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Erythrocyte sedimentation rate (ESR)

Clinical significance

Although ESR is neither specific nor absolutely accurate test, it is very useful in inflammatory process monitoring.
The cause of ESR increase remains unexplained in 5% of cases. Young individuals (aged 18-33 years) with a constant slight increase in ESR values are at a 5-fold risk of disease.

Pathologic changes

Increased ESRDecreased values
• abscess of lung,
• acute and chronic infections,
• acute appendicitis,
• acute cholecystitis,
• acute poststreptococcal glomerulonephritis,
• agranulocytosis,
• allergic purpura,
• amebiasis,
• amyloidosis,
• analbuminemia,
• anemia,
• arteritis temporalis, temporal arteritis;
• asbestosis,
• bacterial endocarditis,
• Behcet’s syndrome,
• carcinoma of the kidney,
• chronic bronchitis,
• chronic renal failure,
• cranial arteritis and related conditions,
• Crohn’s disease,
• cystinosis,
• dermatomyositis/polymyositis,
• dextran therapy (ESR may rise up to 75 mm/h; the values normalize in 11-15 days of therapy completion),
• dysproteinemia (ESR >100 mm at 1 hour; in blood smear, erythrocytes are found in the for of rouleaux),
• elderly individuals (in men and women aged >60, 1-hour ESR values may frequently reach 20 and 30 mm, respectively);
• gout,
• Guillain-Barre syndrome,
• Henoch-Schönlein’s purpura,
• Hodgkin’s disease,
• hormonal contraception (for fibrinogen concentration increase);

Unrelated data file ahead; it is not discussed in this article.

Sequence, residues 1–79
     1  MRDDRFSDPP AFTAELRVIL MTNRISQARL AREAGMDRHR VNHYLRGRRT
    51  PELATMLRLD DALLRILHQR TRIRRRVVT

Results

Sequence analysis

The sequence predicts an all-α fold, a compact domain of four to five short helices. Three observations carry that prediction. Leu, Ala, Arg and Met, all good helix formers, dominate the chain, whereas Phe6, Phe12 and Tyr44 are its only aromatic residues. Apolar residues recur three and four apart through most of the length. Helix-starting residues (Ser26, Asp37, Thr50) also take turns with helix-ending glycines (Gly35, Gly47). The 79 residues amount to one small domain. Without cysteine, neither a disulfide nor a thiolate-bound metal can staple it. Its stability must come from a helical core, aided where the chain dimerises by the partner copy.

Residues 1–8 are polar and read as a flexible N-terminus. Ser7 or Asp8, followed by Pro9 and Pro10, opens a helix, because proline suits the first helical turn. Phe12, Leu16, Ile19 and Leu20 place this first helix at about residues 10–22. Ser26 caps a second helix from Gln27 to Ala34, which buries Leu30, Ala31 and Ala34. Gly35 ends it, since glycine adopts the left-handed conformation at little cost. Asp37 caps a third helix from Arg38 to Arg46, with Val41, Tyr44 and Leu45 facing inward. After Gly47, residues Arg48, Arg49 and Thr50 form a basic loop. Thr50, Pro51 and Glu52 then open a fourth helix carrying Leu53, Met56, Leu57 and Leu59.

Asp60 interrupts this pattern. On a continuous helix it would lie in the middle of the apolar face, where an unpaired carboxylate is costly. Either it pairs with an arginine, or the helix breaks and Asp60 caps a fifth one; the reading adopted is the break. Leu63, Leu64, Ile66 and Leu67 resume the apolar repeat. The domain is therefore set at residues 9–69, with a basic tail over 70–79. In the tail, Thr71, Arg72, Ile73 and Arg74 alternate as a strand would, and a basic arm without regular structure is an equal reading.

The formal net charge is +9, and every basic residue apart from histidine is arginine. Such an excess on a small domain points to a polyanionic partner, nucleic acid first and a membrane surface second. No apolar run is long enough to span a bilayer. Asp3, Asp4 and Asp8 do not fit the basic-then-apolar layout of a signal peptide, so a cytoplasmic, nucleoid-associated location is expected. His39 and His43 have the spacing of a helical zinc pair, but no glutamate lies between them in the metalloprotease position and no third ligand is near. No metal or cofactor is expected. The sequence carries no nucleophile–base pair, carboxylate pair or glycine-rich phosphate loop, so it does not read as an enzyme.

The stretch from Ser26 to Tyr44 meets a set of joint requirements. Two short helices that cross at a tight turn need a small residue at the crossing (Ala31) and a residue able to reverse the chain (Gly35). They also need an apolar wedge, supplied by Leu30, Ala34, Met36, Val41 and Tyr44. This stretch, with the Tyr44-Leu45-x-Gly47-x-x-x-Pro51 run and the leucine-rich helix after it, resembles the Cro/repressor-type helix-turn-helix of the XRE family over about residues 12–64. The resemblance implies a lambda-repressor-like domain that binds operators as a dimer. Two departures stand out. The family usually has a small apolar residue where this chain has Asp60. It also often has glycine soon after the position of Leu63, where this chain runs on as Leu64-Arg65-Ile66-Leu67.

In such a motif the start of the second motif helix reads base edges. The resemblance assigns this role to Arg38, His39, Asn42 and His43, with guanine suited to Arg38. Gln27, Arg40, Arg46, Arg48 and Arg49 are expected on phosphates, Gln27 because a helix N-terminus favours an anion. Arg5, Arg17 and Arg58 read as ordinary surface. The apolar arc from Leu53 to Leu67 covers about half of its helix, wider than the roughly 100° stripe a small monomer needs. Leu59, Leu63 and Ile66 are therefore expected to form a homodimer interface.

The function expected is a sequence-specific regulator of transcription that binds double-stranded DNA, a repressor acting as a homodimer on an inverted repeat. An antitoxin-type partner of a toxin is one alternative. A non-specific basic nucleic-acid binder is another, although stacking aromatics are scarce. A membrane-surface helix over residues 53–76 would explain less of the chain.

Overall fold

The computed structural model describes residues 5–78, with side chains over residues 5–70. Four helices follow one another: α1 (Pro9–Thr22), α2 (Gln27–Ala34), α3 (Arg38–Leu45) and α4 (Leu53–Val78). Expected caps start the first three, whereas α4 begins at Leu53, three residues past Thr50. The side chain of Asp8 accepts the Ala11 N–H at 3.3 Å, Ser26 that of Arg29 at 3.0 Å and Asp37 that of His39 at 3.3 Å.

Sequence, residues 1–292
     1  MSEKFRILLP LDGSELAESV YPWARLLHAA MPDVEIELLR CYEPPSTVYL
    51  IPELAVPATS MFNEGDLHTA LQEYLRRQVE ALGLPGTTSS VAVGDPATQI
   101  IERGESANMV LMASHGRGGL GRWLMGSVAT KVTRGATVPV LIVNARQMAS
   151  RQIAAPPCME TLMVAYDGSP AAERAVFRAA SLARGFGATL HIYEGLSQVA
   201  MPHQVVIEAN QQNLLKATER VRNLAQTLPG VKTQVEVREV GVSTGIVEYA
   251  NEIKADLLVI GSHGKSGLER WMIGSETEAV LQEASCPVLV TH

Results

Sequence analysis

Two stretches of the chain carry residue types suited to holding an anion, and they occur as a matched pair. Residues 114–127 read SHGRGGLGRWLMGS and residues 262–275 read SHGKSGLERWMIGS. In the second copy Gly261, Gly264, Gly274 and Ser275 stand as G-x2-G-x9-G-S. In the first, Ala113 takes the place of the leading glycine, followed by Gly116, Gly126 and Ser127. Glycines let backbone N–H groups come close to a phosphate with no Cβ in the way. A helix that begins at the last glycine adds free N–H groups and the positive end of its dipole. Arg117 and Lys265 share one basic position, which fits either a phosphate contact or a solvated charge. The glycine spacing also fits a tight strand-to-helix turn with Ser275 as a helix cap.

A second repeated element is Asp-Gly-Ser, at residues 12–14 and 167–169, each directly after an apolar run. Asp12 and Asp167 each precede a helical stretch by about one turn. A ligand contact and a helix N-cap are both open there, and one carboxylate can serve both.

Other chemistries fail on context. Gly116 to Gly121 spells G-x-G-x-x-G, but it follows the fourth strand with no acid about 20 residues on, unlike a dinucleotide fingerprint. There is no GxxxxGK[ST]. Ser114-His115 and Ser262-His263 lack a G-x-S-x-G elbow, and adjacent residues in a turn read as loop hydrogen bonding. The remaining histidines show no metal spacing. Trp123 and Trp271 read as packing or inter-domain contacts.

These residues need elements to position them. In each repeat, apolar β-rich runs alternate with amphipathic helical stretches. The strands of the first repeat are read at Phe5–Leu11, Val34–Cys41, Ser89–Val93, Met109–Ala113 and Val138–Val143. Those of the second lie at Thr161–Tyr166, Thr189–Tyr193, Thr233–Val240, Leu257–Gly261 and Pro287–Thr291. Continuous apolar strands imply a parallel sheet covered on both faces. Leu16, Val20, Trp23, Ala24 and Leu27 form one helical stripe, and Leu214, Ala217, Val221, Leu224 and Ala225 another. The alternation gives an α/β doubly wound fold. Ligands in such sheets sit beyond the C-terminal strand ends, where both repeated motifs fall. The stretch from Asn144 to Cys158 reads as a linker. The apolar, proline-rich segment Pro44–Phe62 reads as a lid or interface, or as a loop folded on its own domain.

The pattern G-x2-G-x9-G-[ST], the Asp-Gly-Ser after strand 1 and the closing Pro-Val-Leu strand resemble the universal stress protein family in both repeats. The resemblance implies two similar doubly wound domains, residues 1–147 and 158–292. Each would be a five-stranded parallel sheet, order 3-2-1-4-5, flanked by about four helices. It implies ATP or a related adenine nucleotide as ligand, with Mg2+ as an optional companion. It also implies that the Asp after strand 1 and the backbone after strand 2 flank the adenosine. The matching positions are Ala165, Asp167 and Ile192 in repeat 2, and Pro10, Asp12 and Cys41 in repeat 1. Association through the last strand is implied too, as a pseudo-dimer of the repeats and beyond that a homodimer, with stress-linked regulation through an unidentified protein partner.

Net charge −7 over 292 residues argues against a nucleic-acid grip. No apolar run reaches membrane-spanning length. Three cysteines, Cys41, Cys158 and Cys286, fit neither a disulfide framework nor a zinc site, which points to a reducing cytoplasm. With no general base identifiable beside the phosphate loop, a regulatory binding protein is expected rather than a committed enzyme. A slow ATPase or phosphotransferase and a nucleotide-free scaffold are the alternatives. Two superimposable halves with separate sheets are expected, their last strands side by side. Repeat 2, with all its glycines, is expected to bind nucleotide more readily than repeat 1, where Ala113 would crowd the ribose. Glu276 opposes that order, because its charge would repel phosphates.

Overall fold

• hydronephrosis,
• hyperlipoproteinemia, especially in the presence of chylomicrons;
• hyperparathyroidism,
• increase in concentration of immunocomplex,
• increase in concentration of immunoglobulin,
• intracranial abscess,
• juvenile rheumatoid arthritis,
• Laennec’s or alcoholic cirrhosis,
• leptospirosis,
• liver cirrhosis,
• macrocytosis,
• menses (highest value in the immediate premenstrual period);
• metastatic tumor,
• multiple myeloma,
• neoplastic syndromes and degenerative diseases;
• nephrotic syndrome,
• non-Hodgkin’s lymphoma,
• peptic ulcer,
• polyarteritis nodose,
• polymyalgia rheumatica,
• pregnancy (ESR continuously rises to the fourth month of gestation, with a maximal value of 45 mm/h, and normalizes in 3-4 weeks postpartally),
• process of tuberculosis,
• pulmonary embolism and infarction,
• pulmonary tuberculosis, pulmonary tuberculosis.
• pyelonephritis,
• rheumatic disease,
• rheumatic fever,
• rheumatoid arthritis,
• rheumatoid spondylitis,
• septicemia,
• silicosis,
• Sjögren’s syndrome,
• SLE,
• subacute thyroiditis, subacute thyroiditis;
• syphilis,
• tularemia,
• Waldenström’s macroglobulinemia.
• a-β-lipoproteinemia,
• factor v deficiency,
• hereditary spherocytosis,
• infectious mononucleosis,
• cryoglobulinemia,
• newborns (ESR is very low because of high hematocrit and low fibrinogen concentration),
• polycythemia rubra vera (ESR may be 0 mm/h),
• polyglobulia (ESR is decreased because of slow erythrocyte sedimentation),
• progressive systemic sclerosis.